Two years ago, inside sweltering Vincent Gymnasium on the south side of Port-au-Prince, Haiti, Dallas Mavericks center Nerlens Noel leaned back with his hands on his head, gasping for air. What began as a philanthropic visit to promote the talent-identification camp of the Haitian Federation of Basketball (FHB) had turned into a full-blown workout. The camp, attended by nearly 100 of Haiti’s top young basketball players, was an opportunity to make the national team. So that’s exactly what Noel, a first-generation Haitian-American who was born in Massachusetts, chose to do.
“I’m ready to play for Haiti with the goal of putting the team in a good position internationally,” the 6′11″ former lottery pick told the Haiti Sentinel in September 2016. “I’m here to help create opportunity for the Haitian youth.”
Two years later, led by commitments from Noel, an NBA-affiliated head coach and, potentially, the only current Haitian-born NBA player, the tiny Caribbean country is returning to competitive international play for the first time in nearly four decades.
This June, in Suriname, the Haitian Men’s National Basketball Team will compete in the FIBA pre-qualifying round for the first time since 1981.
Much like the Olympics or the FIFA World Cup (international football), the International Basketball Federation (FIBA) holds a World Cup every four years. This June competition, the AmeriCup 2021 Pre-Qualifiers, is the first of a number of steps in Haiti’s quest to compete at international basketball’s highest stage. The top two Caribbean pre-qualifier teams will advance to a September tournament against the top South American and Central American clubs for a chance at qualifying for the 2023 World Cup.
For Haiti, a World Cup berth is a Steph Curry-from-the-rafters-level long shot. But considering the country’s recent history of disaster and its previous disconnect with the sport, qualifying for the AmeriCup is an impressive feat. And, as basketball continues its global takeover, Haiti has reason for wishful thinking. It won’t make the 2019 World Cup or 2020 Olympics, but a surprise 2023 Cup bid, or Paris in 2024, is possible.
Like most Caribbean nations, Haiti is a talent-rich, resource-poor, soccer-crazed place. Three Haitian-born basketball players — Samuel Dalembert, Olden Polynice and current Sacramento King Skal Labissèrie — have made the NBA, as have several Haitian-Americans, like Noel. Still, soccer remains the country’s dominant sporting interest.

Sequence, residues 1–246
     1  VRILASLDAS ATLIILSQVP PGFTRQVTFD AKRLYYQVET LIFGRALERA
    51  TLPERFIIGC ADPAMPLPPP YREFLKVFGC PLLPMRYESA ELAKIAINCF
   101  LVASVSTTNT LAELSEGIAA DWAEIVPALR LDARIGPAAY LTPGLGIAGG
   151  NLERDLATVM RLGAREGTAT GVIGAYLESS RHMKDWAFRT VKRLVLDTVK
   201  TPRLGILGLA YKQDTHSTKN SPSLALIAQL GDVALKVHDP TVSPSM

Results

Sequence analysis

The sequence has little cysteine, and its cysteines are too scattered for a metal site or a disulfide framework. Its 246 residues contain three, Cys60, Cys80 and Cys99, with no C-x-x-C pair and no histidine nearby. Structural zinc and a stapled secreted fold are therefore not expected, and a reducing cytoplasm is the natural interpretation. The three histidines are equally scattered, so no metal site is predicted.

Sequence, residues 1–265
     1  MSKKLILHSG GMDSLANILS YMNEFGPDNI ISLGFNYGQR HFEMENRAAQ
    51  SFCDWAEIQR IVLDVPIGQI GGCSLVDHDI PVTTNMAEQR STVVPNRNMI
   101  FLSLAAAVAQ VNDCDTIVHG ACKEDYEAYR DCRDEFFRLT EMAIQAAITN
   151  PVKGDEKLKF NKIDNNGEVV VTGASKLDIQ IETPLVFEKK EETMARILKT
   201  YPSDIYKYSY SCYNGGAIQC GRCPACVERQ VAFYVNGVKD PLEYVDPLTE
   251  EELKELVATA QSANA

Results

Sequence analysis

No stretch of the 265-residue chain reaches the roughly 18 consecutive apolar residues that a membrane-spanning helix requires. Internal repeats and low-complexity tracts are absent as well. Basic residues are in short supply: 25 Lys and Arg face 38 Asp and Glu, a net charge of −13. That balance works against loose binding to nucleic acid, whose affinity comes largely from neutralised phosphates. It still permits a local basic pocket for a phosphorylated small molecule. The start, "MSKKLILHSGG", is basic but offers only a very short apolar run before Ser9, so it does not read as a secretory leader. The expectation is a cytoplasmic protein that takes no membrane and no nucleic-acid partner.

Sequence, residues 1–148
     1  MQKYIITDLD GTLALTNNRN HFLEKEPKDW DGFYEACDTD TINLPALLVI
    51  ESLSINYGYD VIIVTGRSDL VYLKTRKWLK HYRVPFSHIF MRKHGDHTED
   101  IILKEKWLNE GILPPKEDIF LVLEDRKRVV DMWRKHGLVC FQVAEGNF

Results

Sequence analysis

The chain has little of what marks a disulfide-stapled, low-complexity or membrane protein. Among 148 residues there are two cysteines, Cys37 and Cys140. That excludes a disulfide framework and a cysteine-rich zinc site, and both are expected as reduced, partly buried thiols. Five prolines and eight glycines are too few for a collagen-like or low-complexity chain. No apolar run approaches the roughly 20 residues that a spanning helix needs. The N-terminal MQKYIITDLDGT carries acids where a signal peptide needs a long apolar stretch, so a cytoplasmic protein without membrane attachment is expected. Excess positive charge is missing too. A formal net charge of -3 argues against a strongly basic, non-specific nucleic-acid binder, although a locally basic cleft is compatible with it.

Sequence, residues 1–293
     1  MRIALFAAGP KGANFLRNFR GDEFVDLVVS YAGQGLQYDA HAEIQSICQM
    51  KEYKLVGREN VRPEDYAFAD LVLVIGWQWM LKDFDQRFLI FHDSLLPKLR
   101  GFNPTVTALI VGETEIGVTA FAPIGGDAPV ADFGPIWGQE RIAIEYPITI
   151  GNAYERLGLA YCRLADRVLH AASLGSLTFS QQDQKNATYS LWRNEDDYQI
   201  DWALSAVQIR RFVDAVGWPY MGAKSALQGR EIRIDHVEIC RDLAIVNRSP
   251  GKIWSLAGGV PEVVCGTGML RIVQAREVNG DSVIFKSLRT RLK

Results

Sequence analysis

But following the earthquake that devastated Haiti in 2010, basketball has made a comeback. “With the damage of the earthquake in 2010, basketball creates opportunities for young men like myself to seek a way out and to give the community something to rally behind,” says David Jean-Baptiste, a junior guard at University of Tennessee-Chattanooga who will play for Team Haiti. “‘L’ Union Fait La Force’ on Haiti’s flag means ‘Unity Makes Strength.’ Basketball brings the people together.”
But community spirit is not the only interest. Haitian basketball officials plan to compete on the world stage — and soon. In addition to Jean-Baptiste, seven players were selected from the 2016 camp in Port-au-Prince. Noel provides the team with a world-class athlete whose mere presence is invaluable to the roster. Labissière — who fled Haiti in 2010, played one season at Kentucky and became a first-round NBA draft pick — has not yet committed to the team, but he hosts youth camps in Haiti each summer, and officials remain hopeful that he will join. Cady Lalanne, a Haitian center who plays professionally in Turkey, completes the roster.
“Haiti is one of the few small countries with two players in the NBA,” Matt Brase, the Rio Grande Valley Vipers (G League) coach who will coach Hait, told reporters this spring. “We might not be able to get the basketball program to Olympic level right away, but I’m confident about the program’s future.”
At present, Puerto Rico, Cuba, the Dominican Republic, the U.S. Virgin Islands and the Bahamas are five of the 16 clubs competing for seven Americas spots in the 2019 World Cup. With top international teams in the U.S., Argentina, Brazil and Canada, it’s a crowded field — but not impenetrable. Of the Caribbean clubs, only Dominican Republic has a winning record in qualifying play. Come 2023, there’s reason to believe that Haiti could steal a final spot.
Like any comeback story, the realization of Haiti’s basketball potential will require good fortune and the right timing. Good thing this nation knows how to rebuild.
Correction: The original version of this story cited Jon Bostic and Jasson Valbrun as leaders of Haiti’s basketball revival. They are not affiliated with the Haitian Federation of Basketball.
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